it differs with each variation of that religion. In addition, all Christian churches, including Protestants, point to original Catholic Orthodoxy for
a definition of "who is Christian". Core shared beliefs, such as the Trinity, and the sacrament of baptism, are used to demonstrate that, while some
people "follow Christ", they are not Christians (examples being the Mormons and Jehovah's Witnesses.) Though these standards, exemplified in creeds
such at the Nicene Creed, are Roman Catholic in origin, they are upheld by all Christian denominations.
This standardization, I believe, is the most important religious role that the Roman Catholic church has played over the centuries and will continue
to perform until the end of time.
In addition, from a religious standpoint, the unique approach of honouring holy persons, through the veneration of saints, serves to provide the
faithful with strong role models, who demonstrate that, no matter what one's circumstances might be, living a holy life is not merely desirable, but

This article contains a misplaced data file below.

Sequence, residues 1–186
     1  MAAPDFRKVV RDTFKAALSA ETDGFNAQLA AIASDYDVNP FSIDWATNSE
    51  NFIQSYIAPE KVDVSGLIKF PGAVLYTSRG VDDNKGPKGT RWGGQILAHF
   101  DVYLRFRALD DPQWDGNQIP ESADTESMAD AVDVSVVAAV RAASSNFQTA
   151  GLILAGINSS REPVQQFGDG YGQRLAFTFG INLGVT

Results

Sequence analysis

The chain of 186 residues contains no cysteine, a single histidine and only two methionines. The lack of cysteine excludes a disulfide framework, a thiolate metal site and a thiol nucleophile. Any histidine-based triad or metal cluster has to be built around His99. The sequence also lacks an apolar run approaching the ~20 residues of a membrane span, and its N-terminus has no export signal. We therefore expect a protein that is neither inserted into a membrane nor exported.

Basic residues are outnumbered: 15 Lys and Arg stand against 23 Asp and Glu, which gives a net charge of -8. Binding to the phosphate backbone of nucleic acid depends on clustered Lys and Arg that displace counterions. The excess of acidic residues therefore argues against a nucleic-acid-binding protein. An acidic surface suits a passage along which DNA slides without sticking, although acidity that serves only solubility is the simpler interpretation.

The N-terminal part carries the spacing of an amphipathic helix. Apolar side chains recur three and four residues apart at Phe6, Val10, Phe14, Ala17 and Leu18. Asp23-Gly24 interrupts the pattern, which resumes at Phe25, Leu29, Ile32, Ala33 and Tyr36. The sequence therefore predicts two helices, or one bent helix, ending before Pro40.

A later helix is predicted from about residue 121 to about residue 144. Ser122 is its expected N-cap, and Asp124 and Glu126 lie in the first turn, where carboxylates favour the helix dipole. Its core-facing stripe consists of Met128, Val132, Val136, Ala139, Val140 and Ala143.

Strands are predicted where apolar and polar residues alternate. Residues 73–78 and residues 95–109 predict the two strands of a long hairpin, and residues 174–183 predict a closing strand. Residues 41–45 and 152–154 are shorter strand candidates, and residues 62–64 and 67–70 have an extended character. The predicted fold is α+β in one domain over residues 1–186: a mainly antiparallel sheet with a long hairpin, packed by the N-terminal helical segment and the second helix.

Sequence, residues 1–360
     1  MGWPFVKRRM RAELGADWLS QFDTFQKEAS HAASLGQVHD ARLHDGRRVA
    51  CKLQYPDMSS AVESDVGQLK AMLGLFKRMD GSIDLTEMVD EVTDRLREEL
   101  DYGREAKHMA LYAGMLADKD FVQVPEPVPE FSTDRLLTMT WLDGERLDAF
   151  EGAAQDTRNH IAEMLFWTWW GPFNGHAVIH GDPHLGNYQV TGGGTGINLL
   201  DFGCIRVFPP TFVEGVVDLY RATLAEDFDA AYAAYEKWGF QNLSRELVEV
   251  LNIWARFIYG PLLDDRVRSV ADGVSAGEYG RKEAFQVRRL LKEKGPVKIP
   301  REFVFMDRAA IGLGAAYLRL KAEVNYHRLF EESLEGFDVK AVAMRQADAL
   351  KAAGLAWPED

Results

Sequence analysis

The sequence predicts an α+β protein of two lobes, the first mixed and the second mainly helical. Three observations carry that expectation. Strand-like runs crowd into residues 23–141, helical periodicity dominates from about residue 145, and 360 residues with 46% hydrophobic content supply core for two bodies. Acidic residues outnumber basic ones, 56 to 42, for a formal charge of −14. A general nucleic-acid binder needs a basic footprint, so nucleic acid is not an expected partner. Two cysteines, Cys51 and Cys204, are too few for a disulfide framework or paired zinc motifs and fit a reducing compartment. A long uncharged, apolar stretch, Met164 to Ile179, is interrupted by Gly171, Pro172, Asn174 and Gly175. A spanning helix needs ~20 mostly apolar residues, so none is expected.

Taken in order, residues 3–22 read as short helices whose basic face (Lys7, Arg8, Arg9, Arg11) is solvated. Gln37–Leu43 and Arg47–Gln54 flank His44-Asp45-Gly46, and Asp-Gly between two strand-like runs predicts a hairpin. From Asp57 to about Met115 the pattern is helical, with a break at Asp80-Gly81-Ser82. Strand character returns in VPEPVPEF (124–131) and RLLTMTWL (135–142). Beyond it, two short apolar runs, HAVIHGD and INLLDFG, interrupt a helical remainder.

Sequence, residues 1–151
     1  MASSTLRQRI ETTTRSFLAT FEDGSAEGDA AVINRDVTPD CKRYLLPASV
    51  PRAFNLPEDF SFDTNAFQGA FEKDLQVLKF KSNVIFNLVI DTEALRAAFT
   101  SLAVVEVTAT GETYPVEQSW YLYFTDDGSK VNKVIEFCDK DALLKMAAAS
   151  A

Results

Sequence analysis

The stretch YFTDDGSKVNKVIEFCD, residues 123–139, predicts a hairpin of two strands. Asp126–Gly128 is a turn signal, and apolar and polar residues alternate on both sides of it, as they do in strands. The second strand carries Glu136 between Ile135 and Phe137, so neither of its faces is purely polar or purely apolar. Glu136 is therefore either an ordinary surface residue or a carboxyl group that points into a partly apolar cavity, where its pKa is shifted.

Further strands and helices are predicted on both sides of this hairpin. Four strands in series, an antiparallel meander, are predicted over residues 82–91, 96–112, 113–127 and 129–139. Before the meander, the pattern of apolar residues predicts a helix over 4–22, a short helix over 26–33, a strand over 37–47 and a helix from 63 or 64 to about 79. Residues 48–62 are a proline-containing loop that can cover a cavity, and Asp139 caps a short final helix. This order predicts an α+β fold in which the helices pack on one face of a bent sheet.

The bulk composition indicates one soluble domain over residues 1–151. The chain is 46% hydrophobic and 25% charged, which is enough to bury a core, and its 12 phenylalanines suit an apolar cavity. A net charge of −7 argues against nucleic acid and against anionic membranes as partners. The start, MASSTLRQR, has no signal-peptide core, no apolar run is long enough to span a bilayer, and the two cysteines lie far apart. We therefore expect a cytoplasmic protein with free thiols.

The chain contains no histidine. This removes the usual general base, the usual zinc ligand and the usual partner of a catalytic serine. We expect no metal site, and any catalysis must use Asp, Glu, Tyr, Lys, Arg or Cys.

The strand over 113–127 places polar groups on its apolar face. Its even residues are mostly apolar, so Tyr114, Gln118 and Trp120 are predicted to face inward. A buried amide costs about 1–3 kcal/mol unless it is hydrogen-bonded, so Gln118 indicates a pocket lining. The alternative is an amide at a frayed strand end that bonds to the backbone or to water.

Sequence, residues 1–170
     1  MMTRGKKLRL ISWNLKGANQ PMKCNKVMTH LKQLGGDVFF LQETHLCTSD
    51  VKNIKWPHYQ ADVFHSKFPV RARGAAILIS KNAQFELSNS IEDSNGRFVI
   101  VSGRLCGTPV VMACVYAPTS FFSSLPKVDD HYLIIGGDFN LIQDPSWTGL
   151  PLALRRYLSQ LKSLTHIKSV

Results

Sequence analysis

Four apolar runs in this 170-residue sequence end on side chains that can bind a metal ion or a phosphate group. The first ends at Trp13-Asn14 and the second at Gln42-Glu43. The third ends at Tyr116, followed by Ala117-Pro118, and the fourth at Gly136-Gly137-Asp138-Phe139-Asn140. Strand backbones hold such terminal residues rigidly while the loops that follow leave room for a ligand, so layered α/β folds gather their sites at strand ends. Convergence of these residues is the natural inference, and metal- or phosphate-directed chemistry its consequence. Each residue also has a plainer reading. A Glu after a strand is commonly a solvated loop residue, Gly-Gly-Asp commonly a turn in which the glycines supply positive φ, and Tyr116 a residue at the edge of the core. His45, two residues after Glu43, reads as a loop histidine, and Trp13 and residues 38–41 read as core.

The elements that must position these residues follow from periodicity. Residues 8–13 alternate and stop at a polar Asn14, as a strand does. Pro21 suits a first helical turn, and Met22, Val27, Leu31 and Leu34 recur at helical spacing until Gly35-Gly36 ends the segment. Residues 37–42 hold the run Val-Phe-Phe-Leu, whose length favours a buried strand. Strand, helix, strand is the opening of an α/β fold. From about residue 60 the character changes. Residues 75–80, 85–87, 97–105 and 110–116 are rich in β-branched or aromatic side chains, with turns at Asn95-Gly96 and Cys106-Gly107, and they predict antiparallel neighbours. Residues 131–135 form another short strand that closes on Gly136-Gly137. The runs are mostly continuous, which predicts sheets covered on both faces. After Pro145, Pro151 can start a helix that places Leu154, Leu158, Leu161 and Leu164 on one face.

also achievable by all who strive for sanctification. This points to the very Catholic notion of the daily devotion of Christians to their God -- from
the daily Mass, to structured prayers such as the Liturgy of the Hours, to the singular devotion of nuns, priests and monks, the Roman Catholic church
calls its people to an immersion in faith like no other Christian church can.
Having reviewed the religious oriented positive influences of the church, in my next post, I will look at the positive secular influences of the Roman
Catholic church, particularly as regards education, science, medicine, charity and the arts.